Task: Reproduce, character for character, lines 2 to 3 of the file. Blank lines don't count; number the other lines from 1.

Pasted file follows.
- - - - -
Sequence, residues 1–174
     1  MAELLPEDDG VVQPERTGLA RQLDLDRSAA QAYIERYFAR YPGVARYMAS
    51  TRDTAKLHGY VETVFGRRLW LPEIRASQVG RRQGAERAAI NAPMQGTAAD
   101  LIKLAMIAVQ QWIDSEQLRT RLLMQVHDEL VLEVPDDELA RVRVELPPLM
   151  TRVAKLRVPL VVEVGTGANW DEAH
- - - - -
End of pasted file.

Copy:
     1  MAELLPEDDG VVQPERTGLA RQLDLDRSAA QAYIERYFAR YPGVARYMAS
    51  TRDTAKLHGY VETVFGRRLW LPEIRASQVG RRQGAERAAI NAPMQGTAAD